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Sep 21, 2014

You Don’t Have To Be Rich In Your 20s: A Pro-Millennial Read I Can't Get Behind

For college graduation my parents gave me a Roth IRA and the book The Defining Decade: Why Your Twenties Matter-And How to Make the Most of Them Now. While the gift felt underwhelming and slightly preachy, it made a point. It was time to start taking my life seriously and in my own hands.

I think we've all seen the articles about how messed up we are as Millennials; that we were given too many participation trophies and that we can't hold down our jobs. I usually roll my eyes. We are so not like that and I so do not need a participation trophy! 

Recently though, the article "You Don’t Have To Be Rich In Your 20s: How Much Money You Should Actually Be Making" from Elite Daily hit my radar. Oh. My. Gosh. This is everything that is indeed wrong with Millennial culture.

In the article, Lauren Martin, states "In your twenties and thirties, it’s not about fancy clothes and dinners. It’s about roughing it to get to that concert and swindling your way into shots at the bar. We’re not supposed to be making a lot of money because we don’t need a lot." She then goes on to state activities and items that we don't need a lot of money for.

Here are a few:
"You should be making enough to go shopping but return everything you buy because you really don’t need new clothes."

"You should be making enough to smoke weed but worry about where your next eighth will come from."
"You should be making enough to buy yourself some new shoes, but only because they’re for a once-in-a-lifetime date."
While I like the heart behind Lauren's arguments, that there is more to life than money and that we must enjoy our 20's, there are a few key realities of life that aren't discussed.

According to Business Insider, 2/3 of lifetime wage growth happens in the first decade of one's career. I spent the first year and a half after college in a job where my work life balance was far from perfect. I missed nights at the bar, days at the beach, and a girls weekend in Whistler (obviously, I'm not bitter about the last one at all). It wasn't always the fun 20's in Lauren's article, but it taught me that there will be times when we must work more than we play.

I should note that I don't have as much as I should in my savings account and I don't believe in choosing a job just for the salary, but I do believe that there is an issue with thinking the way outlined in You Don’t Have To Be Rich In Your 20s. There will come a time when #YOLO-ing on the reg is going to catch up to you.

After reading the article, here are the other things that we should be spending money on, saving for, and working towards in our twenties.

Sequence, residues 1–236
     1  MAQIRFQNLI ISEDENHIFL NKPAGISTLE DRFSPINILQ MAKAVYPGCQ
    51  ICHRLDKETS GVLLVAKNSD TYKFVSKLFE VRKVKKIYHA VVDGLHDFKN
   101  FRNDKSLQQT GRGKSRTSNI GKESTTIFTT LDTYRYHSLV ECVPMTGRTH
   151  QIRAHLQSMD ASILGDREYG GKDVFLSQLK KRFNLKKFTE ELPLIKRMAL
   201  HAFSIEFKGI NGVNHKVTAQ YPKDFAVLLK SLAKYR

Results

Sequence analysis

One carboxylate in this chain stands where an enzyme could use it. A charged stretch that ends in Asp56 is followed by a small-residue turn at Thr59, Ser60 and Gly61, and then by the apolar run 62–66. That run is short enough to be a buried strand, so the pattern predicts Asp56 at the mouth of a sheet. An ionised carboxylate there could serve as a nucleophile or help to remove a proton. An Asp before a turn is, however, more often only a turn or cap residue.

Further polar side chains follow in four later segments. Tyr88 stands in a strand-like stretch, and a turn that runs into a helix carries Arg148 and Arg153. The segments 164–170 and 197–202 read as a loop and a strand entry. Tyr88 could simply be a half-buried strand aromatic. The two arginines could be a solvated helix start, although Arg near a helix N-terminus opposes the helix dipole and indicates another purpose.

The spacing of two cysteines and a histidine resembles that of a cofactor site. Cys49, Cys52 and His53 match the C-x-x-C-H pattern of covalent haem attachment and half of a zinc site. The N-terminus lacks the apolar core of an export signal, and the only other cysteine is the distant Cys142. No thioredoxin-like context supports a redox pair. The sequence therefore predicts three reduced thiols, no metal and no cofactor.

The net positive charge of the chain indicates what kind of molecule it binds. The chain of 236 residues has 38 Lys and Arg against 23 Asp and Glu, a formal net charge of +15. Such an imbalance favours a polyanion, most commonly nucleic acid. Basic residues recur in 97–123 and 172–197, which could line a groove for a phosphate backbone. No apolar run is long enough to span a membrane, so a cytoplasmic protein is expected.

A House and Kids
CNN Money estimates that the average cost to raise a kid is $241,080. This is not something I have any interest in doing in my 20's, but it doesn't stop me from thinking about it and working towards being able to afford that one day. Add in the fact that I would like to raise my kids in a house and in a good neighborhood with a solid backyard, and suddenly that cost just went up. I will never be able to afford that in my 30's unless I continue to advance my career now.

Retirement
This Elite Daily article should really be You Should Be Rich In Your 60s: How Much Money You Should Actually Be Saving. Fidelity estimates that you need 8x your ending salary to help increase the odds that you won’t outlive your savings... that's a lot of money. Not to mention that is just a base number, I want to be able to travel and enjoy retired life.

Your retirement savings in your 20's matter. Consider this scenario:
If you begin saving for retirement at 25, putting away $2,000 a year for just 40 years, you'll have around $560,000, assuming earnings grow at 8 percent annually. Now, let's say you wait until you're 35 to start saving. You put away the same $2,000 a year, but for three decades instead, and earnings grow at 8 percent a year. When you're 65 you'll wind up with around $245,000.
A Last Minute Trip
I would like to say that I'm talking about a last minute trip to Mexico with some friends (and on occasion that type of splurge may happen), but you need to have enough money for a trip that you don't want to take. The ones that are unexpected and saddening. You should never miss the occasion to say a goodbye because you can't afford it. I had to buy a $800 flight to New York on a days notice and I am so thankful I was able to. You never know what will happen in life and these types of trips you should always be saving for.

Health Care
Last year I went to the ER for the first time in my adult life and I was blown away. I got the bill and couldn't believe that was the price after insurance. Your health is expensive, but it's pretty much the most important thing you have.

And...the number one thing I don't agree with in this article:
"You should be making enough to eat, but never feel completely full."
Screw that, have a sandwich, add avocado, and eat until your heart is content!

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